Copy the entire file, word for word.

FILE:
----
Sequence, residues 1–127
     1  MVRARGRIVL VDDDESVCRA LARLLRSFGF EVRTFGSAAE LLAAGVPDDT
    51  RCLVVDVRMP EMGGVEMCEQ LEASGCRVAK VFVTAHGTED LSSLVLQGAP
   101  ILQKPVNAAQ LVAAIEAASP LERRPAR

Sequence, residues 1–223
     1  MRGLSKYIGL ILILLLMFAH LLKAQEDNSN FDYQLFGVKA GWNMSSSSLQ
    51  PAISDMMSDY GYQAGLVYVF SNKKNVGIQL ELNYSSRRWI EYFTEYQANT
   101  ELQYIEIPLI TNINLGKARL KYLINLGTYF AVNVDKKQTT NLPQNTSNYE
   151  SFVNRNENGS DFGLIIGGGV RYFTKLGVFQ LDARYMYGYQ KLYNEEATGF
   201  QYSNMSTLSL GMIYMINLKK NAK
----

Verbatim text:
Sequence, residues 1–127
     1  MVRARGRIVL VDDDESVCRA LARLLRSFGF EVRTFGSAAE LLAAGVPDDT
    51  RCLVVDVRMP EMGGVEMCEQ LEASGCRVAK VFVTAHGTED LSSLVLQGAP
   101  ILQKPVNAAQ LVAAIEAASP LERRPAR

Sequence, residues 1–223
     1  MRGLSKYIGL ILILLLMFAH LLKAQEDNSN FDYQLFGVKA GWNMSSSSLQ
    51  PAISDMMSDY GYQAGLVYVF SNKKNVGIQL ELNYSSRRWI EYFTEYQANT
   101  ELQYIEIPLI TNINLGKARL KYLINLGTYF AVNVDKKQTT NLPQNTSNYE
   151  SFVNRNENGS DFGLIIGGGV RYFTKLGVFQ LDARYMYGYQ KLYNEEATGF
   201  QYSNMSTLSL GMIYMINLKK NAK